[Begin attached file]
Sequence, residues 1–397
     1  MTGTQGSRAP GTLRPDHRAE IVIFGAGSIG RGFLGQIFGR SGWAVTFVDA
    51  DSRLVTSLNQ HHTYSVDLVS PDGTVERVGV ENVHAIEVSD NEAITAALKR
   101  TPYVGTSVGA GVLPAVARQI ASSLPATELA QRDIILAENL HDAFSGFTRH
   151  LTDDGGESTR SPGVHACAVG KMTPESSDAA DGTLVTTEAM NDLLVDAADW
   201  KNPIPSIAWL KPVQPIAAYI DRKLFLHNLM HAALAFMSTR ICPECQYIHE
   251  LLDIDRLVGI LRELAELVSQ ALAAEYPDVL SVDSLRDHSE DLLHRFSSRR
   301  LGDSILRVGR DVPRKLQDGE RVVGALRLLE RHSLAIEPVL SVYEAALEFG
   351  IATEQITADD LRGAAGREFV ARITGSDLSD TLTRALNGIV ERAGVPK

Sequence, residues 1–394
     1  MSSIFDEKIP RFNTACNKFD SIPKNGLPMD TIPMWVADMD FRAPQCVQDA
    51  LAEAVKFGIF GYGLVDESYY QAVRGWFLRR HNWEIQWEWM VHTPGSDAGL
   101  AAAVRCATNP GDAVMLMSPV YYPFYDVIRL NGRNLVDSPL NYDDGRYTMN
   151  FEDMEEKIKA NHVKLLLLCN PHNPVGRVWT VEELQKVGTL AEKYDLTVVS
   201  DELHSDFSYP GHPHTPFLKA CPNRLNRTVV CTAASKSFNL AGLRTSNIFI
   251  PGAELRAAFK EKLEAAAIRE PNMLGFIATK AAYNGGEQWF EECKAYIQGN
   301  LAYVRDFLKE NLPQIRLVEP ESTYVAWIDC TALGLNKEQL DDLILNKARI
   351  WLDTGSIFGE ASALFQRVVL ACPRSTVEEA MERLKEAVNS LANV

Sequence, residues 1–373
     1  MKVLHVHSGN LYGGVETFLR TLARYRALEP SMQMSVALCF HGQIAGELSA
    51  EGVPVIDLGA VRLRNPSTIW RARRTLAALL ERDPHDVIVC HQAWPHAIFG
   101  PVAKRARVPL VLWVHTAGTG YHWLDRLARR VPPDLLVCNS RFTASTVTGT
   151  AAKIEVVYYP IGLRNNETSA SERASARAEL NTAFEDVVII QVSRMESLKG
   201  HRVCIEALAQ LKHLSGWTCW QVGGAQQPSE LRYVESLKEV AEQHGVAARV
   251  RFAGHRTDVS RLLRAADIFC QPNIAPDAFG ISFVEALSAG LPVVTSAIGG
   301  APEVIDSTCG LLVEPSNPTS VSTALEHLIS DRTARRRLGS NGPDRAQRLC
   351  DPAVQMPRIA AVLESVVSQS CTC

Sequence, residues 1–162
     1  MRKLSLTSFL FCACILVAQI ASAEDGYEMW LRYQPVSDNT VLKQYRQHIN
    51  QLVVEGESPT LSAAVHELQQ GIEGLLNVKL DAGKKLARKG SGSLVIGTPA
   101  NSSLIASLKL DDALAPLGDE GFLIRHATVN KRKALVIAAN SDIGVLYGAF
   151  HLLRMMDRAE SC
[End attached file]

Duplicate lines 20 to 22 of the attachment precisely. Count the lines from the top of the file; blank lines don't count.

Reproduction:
     1  MKVLHVHSGN LYGGVETFLR TLARYRALEP SMQMSVALCF HGQIAGELSA
    51  EGVPVIDLGA VRLRNPSTIW RARRTLAALL ERDPHDVIVC HQAWPHAIFG
   101  PVAKRARVPL VLWVHTAGTG YHWLDRLARR VPPDLLVCNS RFTASTVTGT